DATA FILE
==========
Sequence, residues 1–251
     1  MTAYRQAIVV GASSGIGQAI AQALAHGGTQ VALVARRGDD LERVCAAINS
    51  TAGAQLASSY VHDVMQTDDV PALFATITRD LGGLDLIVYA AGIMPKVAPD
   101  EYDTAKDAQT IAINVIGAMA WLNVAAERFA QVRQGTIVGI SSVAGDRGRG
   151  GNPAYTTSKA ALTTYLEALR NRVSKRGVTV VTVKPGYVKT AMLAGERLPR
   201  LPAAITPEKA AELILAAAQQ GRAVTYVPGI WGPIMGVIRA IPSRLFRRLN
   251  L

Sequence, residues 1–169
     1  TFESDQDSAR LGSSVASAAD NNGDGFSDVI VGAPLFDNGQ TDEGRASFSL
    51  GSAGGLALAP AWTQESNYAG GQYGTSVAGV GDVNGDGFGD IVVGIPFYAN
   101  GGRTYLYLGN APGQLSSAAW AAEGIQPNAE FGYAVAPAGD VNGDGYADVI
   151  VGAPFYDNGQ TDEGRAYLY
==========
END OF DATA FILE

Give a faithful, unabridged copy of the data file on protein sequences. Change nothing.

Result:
Sequence, residues 1–251
     1  MTAYRQAIVV GASSGIGQAI AQALAHGGTQ VALVARRGDD LERVCAAINS
    51  TAGAQLASSY VHDVMQTDDV PALFATITRD LGGLDLIVYA AGIMPKVAPD
   101  EYDTAKDAQT IAINVIGAMA WLNVAAERFA QVRQGTIVGI SSVAGDRGRG
   151  GNPAYTTSKA ALTTYLEALR NRVSKRGVTV VTVKPGYVKT AMLAGERLPR
   201  LPAAITPEKA AELILAAAQQ GRAVTYVPGI WGPIMGVIRA IPSRLFRRLN
   251  L

Sequence, residues 1–169
     1  TFESDQDSAR LGSSVASAAD NNGDGFSDVI VGAPLFDNGQ TDEGRASFSL
    51  GSAGGLALAP AWTQESNYAG GQYGTSVAGV GDVNGDGFGD IVVGIPFYAN
   101  GGRTYLYLGN APGQLSSAAW AAEGIQPNAE FGYAVAPAGD VNGDGYADVI
   151  VGAPFYDNGQ TDEGRAYLY